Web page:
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Heritage vs. non-heritage language learner attitudes in a beginning-level mixed Spanish language class

Description

ABSTRACT

This qualitative study used a survey to investigate the attitudes and experiences of 44 Heritage learners (HLL) and non-Heritage learners (NHLL) in beginning-level Spanish courses with a mixed population (HLLs

ABSTRACT

This qualitative study used a survey to investigate the attitudes and experiences of 44 Heritage learners (HLL) and non-Heritage learners (NHLL) in beginning-level Spanish courses with a mixed population (HLLs and NHLLs) in the same classroom. Specifically, the survey elicited data on their attitudes and experiences towards their own language skills in Spanish and English, their mixed beginning-level Spanish course, their personal reactions to mixed classes, and their attitudes toward classmates that belong to the other group (e.g., HLLs view of NHLLs). The findings of this study indicated that HLLs perceived their listening and speaking skills to be better than their literacy (reading and writing) skills, while NHLLs self-assessed their receptive skills (reading and listening) to be higher than their productive skills (speaking and writing). In addition, both groups expressed a positive attitude toward mixed beginning-level Spanish classes and noted specific advantages to learning in such an environment (e.g., the opportunity to learn about each other’s cultures, the fact that each group felt appreciated and valued by the other group) with very few disadvantages (e.g., HLLs had mixed opinions on the effect that a mixed class might have on a teacher’s expectation for how much material is covered and how thoroughly, while NHLLs mostly agreed that a teacher’s expectations would affect the breadth and depth of material covered; NHLLs thought the presence of HLLs in their class might negatively affect their grades). However, both groups indicated they would prefer to be in Spanish classes with members of their own group instead of in mixed classes (NHLLs affirmed this more than HLLs). This study concludes with a discussion of pedagogical implications, limitations of the study, and ideas for future research on this topic.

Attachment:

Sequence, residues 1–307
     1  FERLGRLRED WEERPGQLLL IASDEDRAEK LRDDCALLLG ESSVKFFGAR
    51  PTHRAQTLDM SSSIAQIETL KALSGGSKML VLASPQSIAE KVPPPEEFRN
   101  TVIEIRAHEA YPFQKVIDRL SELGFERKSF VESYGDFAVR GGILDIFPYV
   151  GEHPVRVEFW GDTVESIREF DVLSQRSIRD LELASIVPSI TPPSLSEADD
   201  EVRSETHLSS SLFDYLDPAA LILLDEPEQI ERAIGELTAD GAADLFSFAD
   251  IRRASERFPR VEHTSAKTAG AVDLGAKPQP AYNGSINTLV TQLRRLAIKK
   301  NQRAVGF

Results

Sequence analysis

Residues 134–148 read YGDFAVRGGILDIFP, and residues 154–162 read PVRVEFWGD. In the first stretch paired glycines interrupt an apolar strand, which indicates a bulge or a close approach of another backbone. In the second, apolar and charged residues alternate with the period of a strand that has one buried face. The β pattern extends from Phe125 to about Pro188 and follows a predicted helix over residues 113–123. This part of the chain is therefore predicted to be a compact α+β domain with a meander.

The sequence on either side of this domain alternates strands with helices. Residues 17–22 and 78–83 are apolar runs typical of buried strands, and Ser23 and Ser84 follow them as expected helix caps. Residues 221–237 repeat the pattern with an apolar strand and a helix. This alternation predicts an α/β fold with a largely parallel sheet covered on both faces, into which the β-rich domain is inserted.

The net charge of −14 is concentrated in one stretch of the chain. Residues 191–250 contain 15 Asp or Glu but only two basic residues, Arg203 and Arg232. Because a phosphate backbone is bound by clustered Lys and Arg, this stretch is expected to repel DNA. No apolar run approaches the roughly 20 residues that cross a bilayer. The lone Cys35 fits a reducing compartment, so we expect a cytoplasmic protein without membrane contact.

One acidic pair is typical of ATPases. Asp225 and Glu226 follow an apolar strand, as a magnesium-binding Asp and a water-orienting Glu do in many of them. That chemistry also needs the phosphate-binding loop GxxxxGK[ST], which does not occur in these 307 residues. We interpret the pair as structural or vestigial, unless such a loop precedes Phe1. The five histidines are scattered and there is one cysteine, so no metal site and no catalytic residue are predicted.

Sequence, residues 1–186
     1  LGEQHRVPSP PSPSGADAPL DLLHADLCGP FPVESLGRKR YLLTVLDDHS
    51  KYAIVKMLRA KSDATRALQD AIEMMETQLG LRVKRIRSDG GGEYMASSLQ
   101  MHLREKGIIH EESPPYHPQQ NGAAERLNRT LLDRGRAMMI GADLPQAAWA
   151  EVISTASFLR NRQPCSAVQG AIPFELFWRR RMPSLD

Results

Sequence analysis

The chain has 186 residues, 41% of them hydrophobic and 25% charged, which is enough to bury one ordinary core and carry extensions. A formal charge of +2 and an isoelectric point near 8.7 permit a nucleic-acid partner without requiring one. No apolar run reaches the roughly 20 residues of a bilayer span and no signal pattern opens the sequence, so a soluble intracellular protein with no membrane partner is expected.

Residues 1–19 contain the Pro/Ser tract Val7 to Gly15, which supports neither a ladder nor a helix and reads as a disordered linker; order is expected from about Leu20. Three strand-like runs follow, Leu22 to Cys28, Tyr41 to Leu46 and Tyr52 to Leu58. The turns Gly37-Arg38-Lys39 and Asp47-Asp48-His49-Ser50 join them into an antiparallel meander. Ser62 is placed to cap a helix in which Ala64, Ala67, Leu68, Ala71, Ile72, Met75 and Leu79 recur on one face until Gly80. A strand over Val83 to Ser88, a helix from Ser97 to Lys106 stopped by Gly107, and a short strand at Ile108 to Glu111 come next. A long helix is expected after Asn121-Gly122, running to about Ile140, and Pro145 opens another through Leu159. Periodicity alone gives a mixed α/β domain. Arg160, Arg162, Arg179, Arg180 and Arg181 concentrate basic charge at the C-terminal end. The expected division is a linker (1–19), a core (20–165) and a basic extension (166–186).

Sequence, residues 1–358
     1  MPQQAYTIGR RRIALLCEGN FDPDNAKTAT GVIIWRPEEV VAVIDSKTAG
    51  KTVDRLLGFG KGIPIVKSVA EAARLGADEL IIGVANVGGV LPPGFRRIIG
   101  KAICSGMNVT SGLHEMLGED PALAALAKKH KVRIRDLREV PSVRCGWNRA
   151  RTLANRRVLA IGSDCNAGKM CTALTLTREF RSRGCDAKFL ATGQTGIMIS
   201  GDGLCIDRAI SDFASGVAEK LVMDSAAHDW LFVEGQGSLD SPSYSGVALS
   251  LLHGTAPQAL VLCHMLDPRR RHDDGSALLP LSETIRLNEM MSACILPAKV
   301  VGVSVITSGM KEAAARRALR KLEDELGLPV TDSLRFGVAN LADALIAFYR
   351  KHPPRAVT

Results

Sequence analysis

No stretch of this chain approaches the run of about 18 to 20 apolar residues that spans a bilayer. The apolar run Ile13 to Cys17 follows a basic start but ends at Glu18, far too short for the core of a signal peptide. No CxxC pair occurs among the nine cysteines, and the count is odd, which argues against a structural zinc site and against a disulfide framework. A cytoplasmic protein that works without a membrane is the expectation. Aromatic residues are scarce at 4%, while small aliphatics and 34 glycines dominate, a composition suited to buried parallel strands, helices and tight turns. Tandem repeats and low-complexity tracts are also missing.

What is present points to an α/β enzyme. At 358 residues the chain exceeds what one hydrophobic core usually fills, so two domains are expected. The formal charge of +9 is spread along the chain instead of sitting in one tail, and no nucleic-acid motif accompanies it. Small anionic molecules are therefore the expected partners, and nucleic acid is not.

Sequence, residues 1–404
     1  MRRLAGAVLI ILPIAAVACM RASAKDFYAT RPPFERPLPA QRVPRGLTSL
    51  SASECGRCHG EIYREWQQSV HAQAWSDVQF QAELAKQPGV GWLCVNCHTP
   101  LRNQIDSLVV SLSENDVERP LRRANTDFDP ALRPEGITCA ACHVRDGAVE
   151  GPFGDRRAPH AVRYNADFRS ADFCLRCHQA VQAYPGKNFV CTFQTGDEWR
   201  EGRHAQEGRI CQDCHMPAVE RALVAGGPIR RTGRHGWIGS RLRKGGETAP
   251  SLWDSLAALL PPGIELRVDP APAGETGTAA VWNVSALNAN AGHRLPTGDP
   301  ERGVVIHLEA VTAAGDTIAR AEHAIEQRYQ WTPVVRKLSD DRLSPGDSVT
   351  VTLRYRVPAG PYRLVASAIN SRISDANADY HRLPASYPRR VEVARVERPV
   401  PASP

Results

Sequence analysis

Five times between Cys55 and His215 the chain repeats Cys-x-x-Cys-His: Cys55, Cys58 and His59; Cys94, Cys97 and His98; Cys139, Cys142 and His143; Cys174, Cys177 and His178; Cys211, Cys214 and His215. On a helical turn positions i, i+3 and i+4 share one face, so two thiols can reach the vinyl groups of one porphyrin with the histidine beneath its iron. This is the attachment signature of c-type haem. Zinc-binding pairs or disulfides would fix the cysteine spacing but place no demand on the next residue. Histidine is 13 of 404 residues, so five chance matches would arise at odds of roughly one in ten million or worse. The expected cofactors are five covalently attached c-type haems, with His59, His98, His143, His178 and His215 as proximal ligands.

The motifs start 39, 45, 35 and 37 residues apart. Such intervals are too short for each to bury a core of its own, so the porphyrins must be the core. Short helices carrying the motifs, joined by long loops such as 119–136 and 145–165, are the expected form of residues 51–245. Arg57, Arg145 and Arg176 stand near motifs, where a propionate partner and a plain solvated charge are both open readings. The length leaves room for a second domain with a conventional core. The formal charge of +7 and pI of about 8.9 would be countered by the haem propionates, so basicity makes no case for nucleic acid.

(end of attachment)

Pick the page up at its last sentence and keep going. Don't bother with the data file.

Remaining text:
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Agent

Created

Date Created
  • 2015